This law conjectured by Leonhard Euler (1707 – 1783) and first proven by Carl Friedrich Gauss (1777 – 1855).

**Theorem**: Quadratic Reciprocity Law

Let $p > 2$ and $q > 2$ be odd and distinct prime numbers. Then the the product of the Legendre symbols has the following explicit formula:

$$\left(\frac{q}{p}\right)\cdot \left(\frac{p}{q}\right)=(-1)^{\frac{p-1}{2}\frac{q-1}{2}}.$$

In particular:

- If $p\equiv q\equiv 1 \mod 4,$ then the congruences $x^2(q)\equiv p(q),$ and $x^2(p)\equiv q(p)$ are either both solvable or both not solvable.
- If $p\equiv q\equiv 3\mod 4,$ then one of the congruences $x^2(q)\equiv p(q),$ and $x^2(p)\equiv q(p)$ is solvable, the other not solvable.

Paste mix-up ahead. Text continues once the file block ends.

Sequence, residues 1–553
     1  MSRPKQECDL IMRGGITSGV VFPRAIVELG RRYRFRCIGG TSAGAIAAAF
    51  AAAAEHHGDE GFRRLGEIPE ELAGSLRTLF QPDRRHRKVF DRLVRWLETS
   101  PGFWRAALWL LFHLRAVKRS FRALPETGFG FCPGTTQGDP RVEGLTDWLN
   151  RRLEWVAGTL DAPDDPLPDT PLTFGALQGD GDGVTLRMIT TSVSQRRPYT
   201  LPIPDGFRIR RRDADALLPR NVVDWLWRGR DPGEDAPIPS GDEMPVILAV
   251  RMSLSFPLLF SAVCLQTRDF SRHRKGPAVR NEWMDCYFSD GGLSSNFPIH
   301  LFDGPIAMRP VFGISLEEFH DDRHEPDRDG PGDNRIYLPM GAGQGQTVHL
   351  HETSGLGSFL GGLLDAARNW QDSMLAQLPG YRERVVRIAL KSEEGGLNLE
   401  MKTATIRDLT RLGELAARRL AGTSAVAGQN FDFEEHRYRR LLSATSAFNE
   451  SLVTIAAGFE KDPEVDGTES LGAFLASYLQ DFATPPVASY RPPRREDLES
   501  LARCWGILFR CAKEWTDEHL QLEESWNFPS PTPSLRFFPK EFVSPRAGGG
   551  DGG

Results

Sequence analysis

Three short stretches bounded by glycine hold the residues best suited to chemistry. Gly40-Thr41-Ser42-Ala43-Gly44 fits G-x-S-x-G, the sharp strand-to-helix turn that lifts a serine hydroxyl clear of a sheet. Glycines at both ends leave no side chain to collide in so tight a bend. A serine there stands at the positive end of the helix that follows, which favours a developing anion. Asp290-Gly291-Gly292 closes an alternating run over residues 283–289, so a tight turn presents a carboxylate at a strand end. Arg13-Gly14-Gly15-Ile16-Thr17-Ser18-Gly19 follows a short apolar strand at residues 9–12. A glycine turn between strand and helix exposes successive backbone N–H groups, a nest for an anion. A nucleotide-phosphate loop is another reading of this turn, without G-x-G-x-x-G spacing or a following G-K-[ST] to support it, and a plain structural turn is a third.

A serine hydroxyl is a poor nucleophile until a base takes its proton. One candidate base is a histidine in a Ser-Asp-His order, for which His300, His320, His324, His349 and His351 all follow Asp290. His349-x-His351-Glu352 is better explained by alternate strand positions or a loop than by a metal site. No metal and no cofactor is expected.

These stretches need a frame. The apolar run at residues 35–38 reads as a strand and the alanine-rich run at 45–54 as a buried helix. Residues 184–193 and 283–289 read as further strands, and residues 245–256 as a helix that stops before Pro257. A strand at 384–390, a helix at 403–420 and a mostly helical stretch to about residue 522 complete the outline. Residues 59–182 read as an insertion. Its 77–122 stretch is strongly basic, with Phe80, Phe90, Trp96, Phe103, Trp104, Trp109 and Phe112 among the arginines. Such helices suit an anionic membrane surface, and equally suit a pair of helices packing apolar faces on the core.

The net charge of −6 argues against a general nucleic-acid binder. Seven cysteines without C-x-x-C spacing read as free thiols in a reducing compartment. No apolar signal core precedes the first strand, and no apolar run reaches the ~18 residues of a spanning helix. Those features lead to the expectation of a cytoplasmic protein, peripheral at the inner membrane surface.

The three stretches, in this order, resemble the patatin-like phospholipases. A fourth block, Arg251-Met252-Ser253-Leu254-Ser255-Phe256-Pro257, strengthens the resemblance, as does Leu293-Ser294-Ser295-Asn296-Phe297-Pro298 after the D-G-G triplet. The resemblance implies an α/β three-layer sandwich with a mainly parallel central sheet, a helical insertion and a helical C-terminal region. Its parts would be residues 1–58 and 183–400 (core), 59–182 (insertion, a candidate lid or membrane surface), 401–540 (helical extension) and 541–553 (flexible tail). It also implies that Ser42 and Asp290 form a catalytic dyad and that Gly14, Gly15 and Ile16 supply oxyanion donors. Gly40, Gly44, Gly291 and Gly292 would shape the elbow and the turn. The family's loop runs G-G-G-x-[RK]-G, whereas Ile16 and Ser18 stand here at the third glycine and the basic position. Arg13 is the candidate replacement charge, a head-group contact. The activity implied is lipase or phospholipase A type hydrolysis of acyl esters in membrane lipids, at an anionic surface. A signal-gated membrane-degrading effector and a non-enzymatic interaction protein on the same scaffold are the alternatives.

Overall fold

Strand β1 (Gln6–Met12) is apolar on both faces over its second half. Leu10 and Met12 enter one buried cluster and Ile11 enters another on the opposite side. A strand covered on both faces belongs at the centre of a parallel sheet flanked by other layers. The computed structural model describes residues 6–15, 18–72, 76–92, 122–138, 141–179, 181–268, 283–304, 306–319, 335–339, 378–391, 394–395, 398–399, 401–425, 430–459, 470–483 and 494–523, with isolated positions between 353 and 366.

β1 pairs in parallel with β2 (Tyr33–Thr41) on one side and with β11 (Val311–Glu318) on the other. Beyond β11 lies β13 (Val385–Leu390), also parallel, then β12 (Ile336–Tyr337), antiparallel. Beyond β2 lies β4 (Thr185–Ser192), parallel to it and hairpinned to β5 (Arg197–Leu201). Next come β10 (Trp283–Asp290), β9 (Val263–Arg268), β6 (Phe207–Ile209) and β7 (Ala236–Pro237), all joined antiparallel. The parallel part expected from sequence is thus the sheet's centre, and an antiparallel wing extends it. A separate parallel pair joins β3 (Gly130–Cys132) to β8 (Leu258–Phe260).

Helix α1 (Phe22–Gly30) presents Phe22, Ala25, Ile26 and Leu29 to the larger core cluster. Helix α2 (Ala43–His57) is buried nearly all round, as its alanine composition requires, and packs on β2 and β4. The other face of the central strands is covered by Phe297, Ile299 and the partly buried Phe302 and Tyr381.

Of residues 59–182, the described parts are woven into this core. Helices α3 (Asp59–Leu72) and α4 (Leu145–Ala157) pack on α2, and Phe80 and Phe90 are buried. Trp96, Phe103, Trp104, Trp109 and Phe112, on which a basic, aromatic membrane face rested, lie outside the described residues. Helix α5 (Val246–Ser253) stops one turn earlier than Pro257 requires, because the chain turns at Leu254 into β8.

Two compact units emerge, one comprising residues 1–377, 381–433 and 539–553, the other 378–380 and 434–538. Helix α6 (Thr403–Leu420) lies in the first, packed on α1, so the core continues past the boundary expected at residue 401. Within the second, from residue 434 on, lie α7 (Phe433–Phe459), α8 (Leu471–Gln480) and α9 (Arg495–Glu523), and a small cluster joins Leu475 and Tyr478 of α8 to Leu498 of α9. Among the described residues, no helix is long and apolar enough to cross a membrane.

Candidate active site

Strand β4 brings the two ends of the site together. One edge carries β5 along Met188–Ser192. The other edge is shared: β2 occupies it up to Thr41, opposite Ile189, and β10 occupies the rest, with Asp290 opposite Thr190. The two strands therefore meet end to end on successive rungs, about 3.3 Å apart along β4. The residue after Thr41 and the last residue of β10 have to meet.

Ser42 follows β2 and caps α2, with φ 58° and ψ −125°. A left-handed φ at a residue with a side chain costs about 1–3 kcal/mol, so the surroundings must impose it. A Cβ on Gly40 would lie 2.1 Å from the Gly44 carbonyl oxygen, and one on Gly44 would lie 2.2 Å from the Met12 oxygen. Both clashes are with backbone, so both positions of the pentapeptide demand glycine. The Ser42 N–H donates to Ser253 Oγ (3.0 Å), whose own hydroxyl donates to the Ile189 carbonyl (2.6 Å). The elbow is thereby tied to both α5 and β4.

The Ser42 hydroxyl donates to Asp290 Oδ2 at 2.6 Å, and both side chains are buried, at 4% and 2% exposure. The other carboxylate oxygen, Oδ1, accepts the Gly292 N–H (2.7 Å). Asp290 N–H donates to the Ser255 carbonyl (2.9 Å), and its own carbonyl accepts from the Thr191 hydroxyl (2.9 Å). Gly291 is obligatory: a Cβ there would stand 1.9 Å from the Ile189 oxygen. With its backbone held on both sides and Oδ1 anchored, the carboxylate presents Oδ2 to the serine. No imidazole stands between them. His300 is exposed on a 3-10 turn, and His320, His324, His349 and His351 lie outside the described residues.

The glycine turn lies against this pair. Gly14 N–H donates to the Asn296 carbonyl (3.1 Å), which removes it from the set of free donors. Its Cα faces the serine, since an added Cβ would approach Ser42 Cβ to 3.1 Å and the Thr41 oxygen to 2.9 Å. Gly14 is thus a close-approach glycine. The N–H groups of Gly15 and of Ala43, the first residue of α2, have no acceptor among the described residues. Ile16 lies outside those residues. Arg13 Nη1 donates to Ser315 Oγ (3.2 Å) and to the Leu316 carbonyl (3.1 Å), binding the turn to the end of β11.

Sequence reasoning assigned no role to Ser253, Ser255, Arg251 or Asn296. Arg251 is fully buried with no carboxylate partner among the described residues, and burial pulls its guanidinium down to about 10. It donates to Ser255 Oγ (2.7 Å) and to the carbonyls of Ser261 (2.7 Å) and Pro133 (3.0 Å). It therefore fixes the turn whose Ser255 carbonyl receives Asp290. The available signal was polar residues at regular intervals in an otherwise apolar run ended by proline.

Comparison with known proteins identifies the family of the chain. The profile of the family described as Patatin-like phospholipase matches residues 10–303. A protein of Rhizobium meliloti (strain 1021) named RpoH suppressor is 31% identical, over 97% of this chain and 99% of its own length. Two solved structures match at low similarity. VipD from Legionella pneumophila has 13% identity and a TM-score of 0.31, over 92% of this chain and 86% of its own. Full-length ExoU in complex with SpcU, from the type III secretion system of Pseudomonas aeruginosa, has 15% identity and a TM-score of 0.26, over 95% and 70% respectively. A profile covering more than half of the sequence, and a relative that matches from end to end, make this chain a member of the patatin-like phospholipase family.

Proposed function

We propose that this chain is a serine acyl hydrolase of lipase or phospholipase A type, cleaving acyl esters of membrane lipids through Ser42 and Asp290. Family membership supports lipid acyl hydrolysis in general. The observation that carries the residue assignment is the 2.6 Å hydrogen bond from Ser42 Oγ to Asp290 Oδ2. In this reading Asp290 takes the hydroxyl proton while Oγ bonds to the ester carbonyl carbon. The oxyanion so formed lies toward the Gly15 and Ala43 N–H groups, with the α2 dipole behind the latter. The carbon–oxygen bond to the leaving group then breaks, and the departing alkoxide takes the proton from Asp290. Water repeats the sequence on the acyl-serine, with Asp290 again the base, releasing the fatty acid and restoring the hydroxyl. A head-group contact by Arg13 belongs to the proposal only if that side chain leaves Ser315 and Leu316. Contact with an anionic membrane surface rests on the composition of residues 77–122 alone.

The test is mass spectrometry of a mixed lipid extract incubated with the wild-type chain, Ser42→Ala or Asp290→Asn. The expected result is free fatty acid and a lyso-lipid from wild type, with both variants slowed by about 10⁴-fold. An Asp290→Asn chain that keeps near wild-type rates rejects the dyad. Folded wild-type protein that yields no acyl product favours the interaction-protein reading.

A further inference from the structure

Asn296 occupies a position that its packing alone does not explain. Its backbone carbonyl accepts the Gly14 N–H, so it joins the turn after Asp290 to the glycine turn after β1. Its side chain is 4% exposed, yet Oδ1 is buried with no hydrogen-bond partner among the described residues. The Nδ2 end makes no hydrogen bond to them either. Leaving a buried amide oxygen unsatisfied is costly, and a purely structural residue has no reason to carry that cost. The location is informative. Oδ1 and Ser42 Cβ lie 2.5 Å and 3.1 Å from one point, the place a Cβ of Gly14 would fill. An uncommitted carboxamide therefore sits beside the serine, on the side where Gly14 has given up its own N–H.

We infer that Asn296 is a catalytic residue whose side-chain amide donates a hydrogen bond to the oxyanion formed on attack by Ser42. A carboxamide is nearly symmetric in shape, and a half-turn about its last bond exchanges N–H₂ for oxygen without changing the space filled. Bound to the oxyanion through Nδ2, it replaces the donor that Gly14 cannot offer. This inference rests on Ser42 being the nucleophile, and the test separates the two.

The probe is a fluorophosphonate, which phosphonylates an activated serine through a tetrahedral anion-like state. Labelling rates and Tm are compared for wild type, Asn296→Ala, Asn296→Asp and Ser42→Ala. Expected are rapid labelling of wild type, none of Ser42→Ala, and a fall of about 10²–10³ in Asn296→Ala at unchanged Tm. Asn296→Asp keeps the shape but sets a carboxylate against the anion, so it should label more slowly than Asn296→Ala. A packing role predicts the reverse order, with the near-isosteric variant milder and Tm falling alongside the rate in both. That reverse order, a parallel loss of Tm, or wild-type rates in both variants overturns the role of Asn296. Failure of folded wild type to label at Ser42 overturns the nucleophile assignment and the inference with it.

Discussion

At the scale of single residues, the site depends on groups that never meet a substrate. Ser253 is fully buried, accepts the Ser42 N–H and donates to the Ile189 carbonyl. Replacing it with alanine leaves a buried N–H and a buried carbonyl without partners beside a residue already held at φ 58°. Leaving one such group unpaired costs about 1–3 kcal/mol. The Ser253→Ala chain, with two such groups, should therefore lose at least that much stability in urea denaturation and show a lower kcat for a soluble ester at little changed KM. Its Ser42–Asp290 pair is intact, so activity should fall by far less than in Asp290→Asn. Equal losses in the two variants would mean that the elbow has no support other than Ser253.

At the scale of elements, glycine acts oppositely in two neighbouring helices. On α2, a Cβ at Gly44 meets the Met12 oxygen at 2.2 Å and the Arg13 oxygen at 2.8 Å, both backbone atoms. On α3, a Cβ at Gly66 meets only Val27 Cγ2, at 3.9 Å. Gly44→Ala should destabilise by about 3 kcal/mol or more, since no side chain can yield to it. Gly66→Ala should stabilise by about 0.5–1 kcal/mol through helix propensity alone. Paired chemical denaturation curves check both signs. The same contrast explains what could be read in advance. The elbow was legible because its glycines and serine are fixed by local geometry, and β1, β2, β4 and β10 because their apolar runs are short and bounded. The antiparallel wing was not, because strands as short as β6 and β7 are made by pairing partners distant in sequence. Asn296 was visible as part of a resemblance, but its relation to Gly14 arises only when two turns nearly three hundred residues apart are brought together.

| | | | | created: 2019-05-26 07:31:42 | modified: 2019-05-26 07:52:48 | by: *bookofproofs* | references: [1272]

## 1.**Proof**: *(related to "Quadratic Reciprocity Law")*

(none)

[1272] **Landau, Edmund**: “Vorlesungen über Zahlentheorie, Aus der Elementaren Zahlentheorie”, S. Hirzel, Leipzig, 1927

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